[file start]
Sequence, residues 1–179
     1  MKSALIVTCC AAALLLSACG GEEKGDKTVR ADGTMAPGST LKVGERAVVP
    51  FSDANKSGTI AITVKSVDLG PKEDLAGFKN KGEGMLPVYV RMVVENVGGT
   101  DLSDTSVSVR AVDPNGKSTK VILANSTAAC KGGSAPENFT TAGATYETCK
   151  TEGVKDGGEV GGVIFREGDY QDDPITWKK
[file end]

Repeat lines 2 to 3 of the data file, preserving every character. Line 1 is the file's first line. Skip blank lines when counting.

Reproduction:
     1  MKSALIVTCC AAALLLSACG GEEKGDKTVR ADGTMAPGST LKVGERAVVP
    51  FSDANKSGTI AITVKSVDLG PKEDLAGFKN KGEGMLPVYV RMVVENVGGT